A Cuban Confederate
The “larger than life” story of the Gonzales’ brothers, Ambrose, Narciso and William is well-known by Columbia history aficionados. As The State newspaper's founding editors the brothers are revered and Narciso remains memorialized in a granite monument recounting his murder and the sensational 1903 Gonzales-Tillman trial.
Seldom mentioned are the family’s Cuban roots. The patriarch, Ambrosio Jose Gonzales (1818-1893), was born in Matanzas, Cuba. During his education in the United States, Gonzales developed a love for America and a lifelong friendship with the famous Civil War hero General P.G.T. Beauregard.
His reputation as a swashbuckler followed his recruitment as a secret agent for a clandestine band of revolutionaries determined to free Cuba from Spanish rule. Wounded in the failed coup attempt, Gonzales made a daring escape aboard the ship Creole avoiding capture by the pursuing Spanish fleet. Exiled from his homeland, Gonzales settled in Beaufort, SC where he married a local debutante, Harriet Rutledge Elliot.
General Beauregard’s attack on Fort Sumter on April 12, 1861 drew Gonzales back into action. Ambrosio was present during the Fort Sumter bombardment and soon he secured an appointment as Colonel of the Chief of Artillery for South Carolina, Georgia and Florida.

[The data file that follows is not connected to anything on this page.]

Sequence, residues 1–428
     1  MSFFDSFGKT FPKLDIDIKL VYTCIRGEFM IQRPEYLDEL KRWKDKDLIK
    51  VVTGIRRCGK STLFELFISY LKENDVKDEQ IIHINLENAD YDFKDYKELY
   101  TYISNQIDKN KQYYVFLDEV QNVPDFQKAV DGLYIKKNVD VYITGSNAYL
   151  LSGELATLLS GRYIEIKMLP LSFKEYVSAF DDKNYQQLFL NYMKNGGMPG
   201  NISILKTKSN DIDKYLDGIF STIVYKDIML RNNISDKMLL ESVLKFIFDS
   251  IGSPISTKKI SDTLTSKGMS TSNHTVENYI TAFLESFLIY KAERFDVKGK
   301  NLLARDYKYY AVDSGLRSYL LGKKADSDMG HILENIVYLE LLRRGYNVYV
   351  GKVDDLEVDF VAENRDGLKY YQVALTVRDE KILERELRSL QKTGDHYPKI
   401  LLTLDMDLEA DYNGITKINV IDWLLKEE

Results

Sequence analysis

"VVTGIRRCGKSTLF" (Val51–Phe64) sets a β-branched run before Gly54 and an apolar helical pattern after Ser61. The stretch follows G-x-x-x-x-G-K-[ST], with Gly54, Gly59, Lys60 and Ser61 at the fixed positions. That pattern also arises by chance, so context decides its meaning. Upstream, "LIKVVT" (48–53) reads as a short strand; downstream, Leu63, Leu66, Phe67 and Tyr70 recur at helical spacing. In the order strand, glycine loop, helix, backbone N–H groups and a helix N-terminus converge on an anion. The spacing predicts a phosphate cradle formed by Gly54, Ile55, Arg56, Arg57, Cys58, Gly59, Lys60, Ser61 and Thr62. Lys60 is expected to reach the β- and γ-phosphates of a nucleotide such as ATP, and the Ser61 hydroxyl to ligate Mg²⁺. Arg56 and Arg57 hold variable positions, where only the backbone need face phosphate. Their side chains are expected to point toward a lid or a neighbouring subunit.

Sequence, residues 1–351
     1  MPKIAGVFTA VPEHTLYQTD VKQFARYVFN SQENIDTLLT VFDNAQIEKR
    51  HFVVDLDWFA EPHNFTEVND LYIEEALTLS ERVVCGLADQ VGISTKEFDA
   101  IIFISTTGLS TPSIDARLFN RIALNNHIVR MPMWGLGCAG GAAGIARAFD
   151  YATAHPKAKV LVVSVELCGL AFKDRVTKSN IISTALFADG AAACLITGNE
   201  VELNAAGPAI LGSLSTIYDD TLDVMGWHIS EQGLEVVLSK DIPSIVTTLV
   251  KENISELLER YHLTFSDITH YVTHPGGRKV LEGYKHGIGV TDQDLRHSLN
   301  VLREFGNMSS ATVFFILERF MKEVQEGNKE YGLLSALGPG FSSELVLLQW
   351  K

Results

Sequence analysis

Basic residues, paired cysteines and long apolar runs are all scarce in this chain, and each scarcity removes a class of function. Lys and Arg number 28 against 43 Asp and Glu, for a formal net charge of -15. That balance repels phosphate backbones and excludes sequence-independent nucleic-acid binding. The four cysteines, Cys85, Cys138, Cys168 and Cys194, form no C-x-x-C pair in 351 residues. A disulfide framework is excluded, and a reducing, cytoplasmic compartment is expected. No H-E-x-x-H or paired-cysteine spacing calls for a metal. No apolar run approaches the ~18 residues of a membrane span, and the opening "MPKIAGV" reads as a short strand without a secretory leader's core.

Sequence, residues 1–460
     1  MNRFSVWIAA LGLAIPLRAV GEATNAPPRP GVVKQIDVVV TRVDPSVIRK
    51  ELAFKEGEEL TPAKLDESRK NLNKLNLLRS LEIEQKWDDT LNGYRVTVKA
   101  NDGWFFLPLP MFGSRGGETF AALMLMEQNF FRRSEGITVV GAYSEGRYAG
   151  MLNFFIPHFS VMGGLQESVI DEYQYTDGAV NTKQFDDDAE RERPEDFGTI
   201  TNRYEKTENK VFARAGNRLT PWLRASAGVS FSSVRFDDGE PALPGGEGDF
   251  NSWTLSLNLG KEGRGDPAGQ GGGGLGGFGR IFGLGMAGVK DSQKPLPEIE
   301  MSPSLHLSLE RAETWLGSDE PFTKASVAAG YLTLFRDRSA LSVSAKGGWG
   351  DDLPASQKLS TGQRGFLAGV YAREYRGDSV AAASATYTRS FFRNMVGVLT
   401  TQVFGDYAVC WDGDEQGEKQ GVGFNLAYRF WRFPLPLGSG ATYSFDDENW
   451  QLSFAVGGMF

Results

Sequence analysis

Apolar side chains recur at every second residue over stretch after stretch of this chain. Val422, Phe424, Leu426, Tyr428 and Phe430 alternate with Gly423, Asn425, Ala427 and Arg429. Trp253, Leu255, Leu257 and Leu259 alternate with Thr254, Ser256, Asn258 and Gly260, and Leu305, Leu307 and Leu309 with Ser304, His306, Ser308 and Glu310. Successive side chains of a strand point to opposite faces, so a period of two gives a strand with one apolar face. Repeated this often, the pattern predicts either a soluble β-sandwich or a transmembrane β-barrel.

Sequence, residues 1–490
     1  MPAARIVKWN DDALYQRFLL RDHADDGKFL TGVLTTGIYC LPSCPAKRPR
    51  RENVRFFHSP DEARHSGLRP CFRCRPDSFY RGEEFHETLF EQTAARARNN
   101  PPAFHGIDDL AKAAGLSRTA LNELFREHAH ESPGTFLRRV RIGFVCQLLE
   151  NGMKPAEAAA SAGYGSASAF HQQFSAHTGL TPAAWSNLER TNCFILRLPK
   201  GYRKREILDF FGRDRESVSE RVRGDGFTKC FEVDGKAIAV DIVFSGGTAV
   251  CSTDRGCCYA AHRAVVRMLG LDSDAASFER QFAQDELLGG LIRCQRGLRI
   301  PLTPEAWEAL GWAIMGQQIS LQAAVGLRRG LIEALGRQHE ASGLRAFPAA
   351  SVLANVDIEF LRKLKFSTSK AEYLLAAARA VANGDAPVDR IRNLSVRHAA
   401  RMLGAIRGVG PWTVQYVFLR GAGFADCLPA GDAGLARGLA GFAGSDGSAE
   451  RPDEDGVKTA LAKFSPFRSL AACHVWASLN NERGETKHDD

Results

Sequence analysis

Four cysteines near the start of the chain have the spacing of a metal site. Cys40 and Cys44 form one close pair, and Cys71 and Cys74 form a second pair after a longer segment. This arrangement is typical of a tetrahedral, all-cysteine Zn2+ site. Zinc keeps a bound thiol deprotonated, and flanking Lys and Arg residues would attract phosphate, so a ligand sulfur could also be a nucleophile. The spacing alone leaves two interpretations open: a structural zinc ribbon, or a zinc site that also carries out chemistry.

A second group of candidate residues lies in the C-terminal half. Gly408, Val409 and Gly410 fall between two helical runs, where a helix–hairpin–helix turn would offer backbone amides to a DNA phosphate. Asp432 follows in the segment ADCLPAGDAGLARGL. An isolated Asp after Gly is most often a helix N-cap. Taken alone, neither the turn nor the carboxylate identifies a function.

After South’s demise, Harriet tragically died and Ambrosio faced a long and difficult separation from his children. His health began a slow decline and, while seeking medical care, Gonzales died alone in New York City.
The image of Ambrosio Gonzales is available through the Richland Library Digital Collection. More information about The State Newspaper Photo Archive can be found in the State Newspaper Photograph Archive finding aid.
- Richland Library Digital Collections
Historical material spanning the Civil War to Civil Rights eras focusing on Columbia, Richland County and the surrounding counties in South Carolina.